In allometric studies, the joint distribution of the log-transformed morphometric variables is typically symmetric and with heavy tails. Moreover, in the bivariate case, it is customary to explain the morphometric variation of these variables by fitting a convenient line, as for example the first principal component (PC). To account for all these peculiarities, we propose the use of multiple scaled symmetric (MSS) distributions. These distributions have the advantage to be directly defined in the PC space, the kind of symmetry involved is less restrictive than the commonly considered elliptical symmetry, the behavior of the tails can vary across PCs, and their first PC is less sensitive to outliers. In the family of MSS distributions, we also propose the multiple scaled shifted exponential normal distribution, equivalent of the multivariate shifted exponential normal distribution in the MSS framework. For the sake of parsimony, we also allow the parameter governing the leptokurtosis on each PC, in the considered MSS distributions, to be tied across PCs. From an inferential point of view, we describe an EM algorithm to estimate the parameters by maximum likelihood, we illustrate how to compute standard errors of the obtained estimates, and we give statistical tests and confidence intervals for the parameters. We use artificial and real allometric data to appreciate the advantages of the MSS distributions over well-known elliptically symmetric distributions and to compare the robustness of the line from our models with respect to the lines fitted by well-established robust and non-robust methods available in the literature.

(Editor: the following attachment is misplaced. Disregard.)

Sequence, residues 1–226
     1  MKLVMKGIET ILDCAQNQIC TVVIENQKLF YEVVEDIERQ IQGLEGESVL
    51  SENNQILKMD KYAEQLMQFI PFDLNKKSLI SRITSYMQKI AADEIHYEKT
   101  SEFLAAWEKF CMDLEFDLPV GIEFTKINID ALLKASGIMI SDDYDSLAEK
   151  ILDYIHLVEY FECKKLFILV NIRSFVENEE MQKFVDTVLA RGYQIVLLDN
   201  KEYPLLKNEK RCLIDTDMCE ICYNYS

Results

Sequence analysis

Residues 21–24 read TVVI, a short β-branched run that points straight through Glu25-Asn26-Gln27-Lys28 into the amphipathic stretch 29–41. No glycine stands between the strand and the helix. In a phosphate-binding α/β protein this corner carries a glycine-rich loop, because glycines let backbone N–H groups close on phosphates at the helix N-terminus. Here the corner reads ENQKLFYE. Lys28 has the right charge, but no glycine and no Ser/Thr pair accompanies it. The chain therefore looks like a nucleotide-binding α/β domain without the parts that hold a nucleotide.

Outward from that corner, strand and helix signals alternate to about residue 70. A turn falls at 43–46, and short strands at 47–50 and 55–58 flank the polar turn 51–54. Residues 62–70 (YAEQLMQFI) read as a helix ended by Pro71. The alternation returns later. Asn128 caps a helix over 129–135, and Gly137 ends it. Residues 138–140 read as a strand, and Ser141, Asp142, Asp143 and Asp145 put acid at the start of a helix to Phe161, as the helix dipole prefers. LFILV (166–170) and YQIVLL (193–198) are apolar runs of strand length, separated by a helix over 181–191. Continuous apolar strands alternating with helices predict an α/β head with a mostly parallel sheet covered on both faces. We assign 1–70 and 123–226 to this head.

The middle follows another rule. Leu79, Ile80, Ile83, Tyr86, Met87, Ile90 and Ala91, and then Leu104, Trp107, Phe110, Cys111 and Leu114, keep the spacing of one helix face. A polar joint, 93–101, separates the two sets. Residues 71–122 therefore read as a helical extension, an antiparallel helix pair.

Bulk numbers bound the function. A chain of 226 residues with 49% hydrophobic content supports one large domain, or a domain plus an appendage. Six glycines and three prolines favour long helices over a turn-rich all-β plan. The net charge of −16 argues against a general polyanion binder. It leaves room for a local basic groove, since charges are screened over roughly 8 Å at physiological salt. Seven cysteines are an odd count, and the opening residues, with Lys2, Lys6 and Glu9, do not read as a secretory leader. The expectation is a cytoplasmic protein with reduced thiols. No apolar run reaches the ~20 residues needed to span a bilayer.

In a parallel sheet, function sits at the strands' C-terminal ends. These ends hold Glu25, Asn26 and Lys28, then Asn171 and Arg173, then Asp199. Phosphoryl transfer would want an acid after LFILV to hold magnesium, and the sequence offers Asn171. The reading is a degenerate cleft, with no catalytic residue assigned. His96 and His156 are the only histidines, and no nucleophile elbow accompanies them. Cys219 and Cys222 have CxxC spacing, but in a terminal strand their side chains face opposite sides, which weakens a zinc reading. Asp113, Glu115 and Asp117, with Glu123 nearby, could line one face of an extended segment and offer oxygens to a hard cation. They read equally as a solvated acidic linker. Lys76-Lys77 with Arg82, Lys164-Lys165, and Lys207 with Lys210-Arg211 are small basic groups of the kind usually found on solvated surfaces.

- EM algorithm
- heavy-tailed distributions
- line-fitting methods
- multiple scaled distributions
- scale mixtures